Making a change from working as a farmer to starting a small business is sometimes a good choice, but it works best if it’s a real choice instead of a response to poor conditions on the farm.
That’s one of the findings of a study by Salvatore Di Falco of the University of Geneva, which he presented as the first keynote address of the 11th Annual Meeting of the Environment for Development Initiative in Addis Ababa, Ethiopia, 26-30 October, 2017.
“The reluctant entrepreneur” is how Professor Di Falco described farmers in rural Ethiopia who feel that they need to earn money off the farm but don’t live close to formal job opportunities. He showed that these small business owners are not necessarily successful as entrepreneurs, even if they were as good at farming as those who stayed on the farm. In other words, many would be better off farming if their yields were better.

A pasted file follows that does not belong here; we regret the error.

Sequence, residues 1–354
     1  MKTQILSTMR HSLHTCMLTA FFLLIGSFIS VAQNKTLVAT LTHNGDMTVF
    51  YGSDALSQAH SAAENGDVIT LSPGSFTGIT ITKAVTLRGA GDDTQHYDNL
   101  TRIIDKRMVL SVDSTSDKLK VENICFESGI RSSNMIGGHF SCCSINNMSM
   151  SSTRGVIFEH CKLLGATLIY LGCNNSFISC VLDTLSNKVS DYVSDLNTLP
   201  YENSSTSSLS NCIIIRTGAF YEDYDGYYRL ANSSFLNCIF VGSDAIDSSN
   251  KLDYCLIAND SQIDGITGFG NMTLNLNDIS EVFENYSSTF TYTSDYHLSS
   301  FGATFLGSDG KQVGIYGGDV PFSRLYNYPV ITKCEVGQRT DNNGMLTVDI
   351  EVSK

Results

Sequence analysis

Starting new activities, explained Di Falco, requires an investment of time and money. As a result, “they get locked in” to low-profitability activities, he said.
Professor Di Falco thinks farmers need training opportunities, as well as safety nets such as insurance in case of crop failure. That way, he concludes, those who really want to be entrepreneurs will be more likely to be suited to their new line of work.
By: Cyndi Berck